Call To Action: Why Social Workers (and others) Should Care About Black Lives Matters
This is to my colleagues,
This is a call to action. I’m sure all of us are reeling from the recent murders of black citizens, I know I am. To many Black, Indigenous, Mixed-Race and People of Color (BIPOC) the civil unrest we are seeing is not unexpected- it is long overdue. As a person of color and social worker, I am holding on to our professional value of challenging Social Injustice and Dignity and Worth of a Person. We happen to be part of a profession that is not value-neutral when it comes to challenging social injustice. This means we should be in full solidarity with our Black colleagues, clients, and community members.
However I want to be clear, this is not a temporary or short term goal. It’s not enough to voice our disgust or opposition to racism. One of the ways racism continues to thrive is by not following through with action. We might have good intentions but real change comes from the commitment to a life long development of our critical awareness, being radically honest of the ways in which we (and I mean every single one of us) contributes to upholding white supremacy culture and systemic racism. Based on our awareness we reflect and create intentional action to challenge our privilege from a system that is set up to oppress Black people.
Things to keep in mind while doing this work:
Center the voices of BIack people, not your own
Listen but don’t ask Black and people of color to educate you
Take action with yourself, at your home, at your work, in your community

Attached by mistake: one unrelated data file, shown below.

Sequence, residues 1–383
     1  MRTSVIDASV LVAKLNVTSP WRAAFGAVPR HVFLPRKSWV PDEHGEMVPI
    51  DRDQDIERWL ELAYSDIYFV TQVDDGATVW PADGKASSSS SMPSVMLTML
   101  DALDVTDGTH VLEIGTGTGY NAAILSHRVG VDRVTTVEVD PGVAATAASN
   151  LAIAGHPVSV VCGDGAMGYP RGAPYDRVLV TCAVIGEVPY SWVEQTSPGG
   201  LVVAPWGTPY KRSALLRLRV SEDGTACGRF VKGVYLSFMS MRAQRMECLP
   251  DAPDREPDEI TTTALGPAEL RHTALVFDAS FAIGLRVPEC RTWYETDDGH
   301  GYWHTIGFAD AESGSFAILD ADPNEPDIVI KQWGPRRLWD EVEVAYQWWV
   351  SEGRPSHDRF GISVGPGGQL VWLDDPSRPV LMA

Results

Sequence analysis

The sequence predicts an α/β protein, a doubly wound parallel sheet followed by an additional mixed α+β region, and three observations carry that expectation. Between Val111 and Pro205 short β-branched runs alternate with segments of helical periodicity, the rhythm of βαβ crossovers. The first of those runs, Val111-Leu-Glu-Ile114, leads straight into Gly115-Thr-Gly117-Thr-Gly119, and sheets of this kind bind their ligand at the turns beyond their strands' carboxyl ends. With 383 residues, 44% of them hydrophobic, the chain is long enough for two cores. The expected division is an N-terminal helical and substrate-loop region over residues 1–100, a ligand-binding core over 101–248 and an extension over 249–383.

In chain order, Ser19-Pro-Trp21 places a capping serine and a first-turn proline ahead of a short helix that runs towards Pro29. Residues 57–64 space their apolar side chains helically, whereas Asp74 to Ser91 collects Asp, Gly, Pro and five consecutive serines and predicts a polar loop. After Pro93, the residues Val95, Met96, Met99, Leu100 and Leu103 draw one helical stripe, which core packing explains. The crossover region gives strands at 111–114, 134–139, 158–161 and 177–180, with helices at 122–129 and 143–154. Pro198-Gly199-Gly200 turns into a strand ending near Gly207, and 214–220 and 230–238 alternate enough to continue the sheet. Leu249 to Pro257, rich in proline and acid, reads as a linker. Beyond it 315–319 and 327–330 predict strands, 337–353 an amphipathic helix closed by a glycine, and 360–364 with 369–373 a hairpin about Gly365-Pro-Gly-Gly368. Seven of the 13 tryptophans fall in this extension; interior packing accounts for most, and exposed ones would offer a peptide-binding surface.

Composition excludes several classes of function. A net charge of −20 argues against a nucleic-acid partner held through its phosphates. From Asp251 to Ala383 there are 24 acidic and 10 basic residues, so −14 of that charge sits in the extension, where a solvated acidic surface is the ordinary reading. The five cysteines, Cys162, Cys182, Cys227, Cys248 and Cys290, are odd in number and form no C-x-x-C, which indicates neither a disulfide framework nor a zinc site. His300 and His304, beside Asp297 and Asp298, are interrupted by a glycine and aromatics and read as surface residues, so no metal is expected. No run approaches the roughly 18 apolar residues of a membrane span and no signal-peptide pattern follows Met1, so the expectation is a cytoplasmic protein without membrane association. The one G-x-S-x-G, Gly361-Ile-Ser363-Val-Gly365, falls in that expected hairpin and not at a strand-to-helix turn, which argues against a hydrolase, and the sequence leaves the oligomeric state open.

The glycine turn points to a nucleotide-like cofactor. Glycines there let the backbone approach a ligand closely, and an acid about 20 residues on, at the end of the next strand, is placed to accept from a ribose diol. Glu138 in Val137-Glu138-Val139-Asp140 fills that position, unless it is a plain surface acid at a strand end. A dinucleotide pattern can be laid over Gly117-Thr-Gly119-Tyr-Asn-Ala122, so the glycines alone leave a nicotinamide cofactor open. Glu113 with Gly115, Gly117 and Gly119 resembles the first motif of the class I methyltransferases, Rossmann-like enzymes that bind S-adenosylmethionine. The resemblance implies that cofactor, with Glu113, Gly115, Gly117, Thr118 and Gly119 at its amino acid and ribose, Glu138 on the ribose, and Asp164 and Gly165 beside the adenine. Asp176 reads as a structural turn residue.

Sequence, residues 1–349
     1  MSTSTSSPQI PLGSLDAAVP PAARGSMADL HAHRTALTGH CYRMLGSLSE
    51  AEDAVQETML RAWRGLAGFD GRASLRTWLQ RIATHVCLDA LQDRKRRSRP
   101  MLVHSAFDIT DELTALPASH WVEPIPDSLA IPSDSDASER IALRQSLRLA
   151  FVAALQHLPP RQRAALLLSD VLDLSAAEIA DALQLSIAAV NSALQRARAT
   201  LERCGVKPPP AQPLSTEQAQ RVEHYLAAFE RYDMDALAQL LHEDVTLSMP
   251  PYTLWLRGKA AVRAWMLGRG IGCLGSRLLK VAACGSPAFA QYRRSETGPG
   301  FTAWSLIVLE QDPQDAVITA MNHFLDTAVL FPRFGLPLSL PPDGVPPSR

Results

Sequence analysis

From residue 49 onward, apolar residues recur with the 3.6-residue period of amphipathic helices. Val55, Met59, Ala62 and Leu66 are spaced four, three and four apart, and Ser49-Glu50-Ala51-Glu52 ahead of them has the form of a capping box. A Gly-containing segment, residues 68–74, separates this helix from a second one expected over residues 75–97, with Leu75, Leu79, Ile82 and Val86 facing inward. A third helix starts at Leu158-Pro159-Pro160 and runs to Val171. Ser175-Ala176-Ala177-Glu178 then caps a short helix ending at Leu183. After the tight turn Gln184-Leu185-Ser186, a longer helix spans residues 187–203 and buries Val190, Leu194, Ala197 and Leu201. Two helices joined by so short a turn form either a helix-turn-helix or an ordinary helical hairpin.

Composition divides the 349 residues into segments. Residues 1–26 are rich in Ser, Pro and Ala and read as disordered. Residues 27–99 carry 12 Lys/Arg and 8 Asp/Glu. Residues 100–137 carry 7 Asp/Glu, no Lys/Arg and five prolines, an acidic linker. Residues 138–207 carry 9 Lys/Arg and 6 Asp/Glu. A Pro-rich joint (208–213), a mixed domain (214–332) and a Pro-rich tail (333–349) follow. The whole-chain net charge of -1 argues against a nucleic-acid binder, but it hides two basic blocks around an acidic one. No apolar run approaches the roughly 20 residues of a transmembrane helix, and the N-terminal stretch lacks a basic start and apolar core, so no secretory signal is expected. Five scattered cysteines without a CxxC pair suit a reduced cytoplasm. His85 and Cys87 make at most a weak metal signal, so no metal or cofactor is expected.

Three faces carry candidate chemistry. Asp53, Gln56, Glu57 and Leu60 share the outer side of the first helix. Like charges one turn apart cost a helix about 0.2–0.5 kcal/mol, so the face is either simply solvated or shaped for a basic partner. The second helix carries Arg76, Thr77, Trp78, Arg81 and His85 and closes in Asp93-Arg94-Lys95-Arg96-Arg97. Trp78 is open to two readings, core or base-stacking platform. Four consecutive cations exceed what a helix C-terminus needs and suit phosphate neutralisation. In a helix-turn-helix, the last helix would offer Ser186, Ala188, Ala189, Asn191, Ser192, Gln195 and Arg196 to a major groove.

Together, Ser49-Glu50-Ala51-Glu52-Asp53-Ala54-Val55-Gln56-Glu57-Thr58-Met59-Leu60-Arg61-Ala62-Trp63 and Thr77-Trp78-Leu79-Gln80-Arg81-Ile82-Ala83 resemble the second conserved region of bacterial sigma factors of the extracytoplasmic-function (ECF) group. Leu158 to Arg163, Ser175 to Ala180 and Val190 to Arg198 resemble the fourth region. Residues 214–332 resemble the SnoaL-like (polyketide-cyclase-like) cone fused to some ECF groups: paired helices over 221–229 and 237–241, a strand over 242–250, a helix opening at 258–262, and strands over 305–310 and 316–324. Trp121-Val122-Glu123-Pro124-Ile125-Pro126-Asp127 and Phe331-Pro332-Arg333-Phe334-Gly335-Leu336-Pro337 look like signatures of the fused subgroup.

Organization to support:
Professional questions we should be asking ourselves:
Can I identify the ways in which white supremacy culture is showing up in my work?
Can I make a list of the actions I’ve taken to challenge systemic racism?
How can I further decolonize my clinical practice and integrate anti-oppressive frameworks?
How am I supporting my BIPOC or colleagues?
Resources to check out:
To my BIPOC colleagues,
It’s an incredible time to be witnessing a fight for the right to accept that Black Lives Matter let alone be seen as valuable and integral to our society. As chair and founder of the Diversity, Equity, and Transformation committee for the California Society For Clinical Social Workers (CSCSW), I am re-evaluating my role and committing to integrating a stronger focus on anti-Blackness, colorism, and the genocide of Native and Indigenous folks in our objectives. I am recognizing my own privilege of being Asian and that means I need to bolster the voices of my Black, Native, and Indigenous members because I too have benefited from this oppressive system. I am also committing to support the National Association of Black Social Workers code of ethics and will think of ways to integrate this into my own work as a POC Social Worker.
I recognize that providing services during this time is an incredible ask on us right now both with how COVID disproportionately affects the Black community and police violence. Many of our work places might value being trauma informed but often ignore the trauma of racism. I don't have answers but I want to tell you, you are not alone. I'm organizing a BIPOC consultation group through CSCSW so that we can be solidarity and process together. because sometimes self care is community care. I leave you with the wise words of Audre Lorde-
"Caring for myself is not self-indulgence, it is self-preservation, and that is an act of political warfare."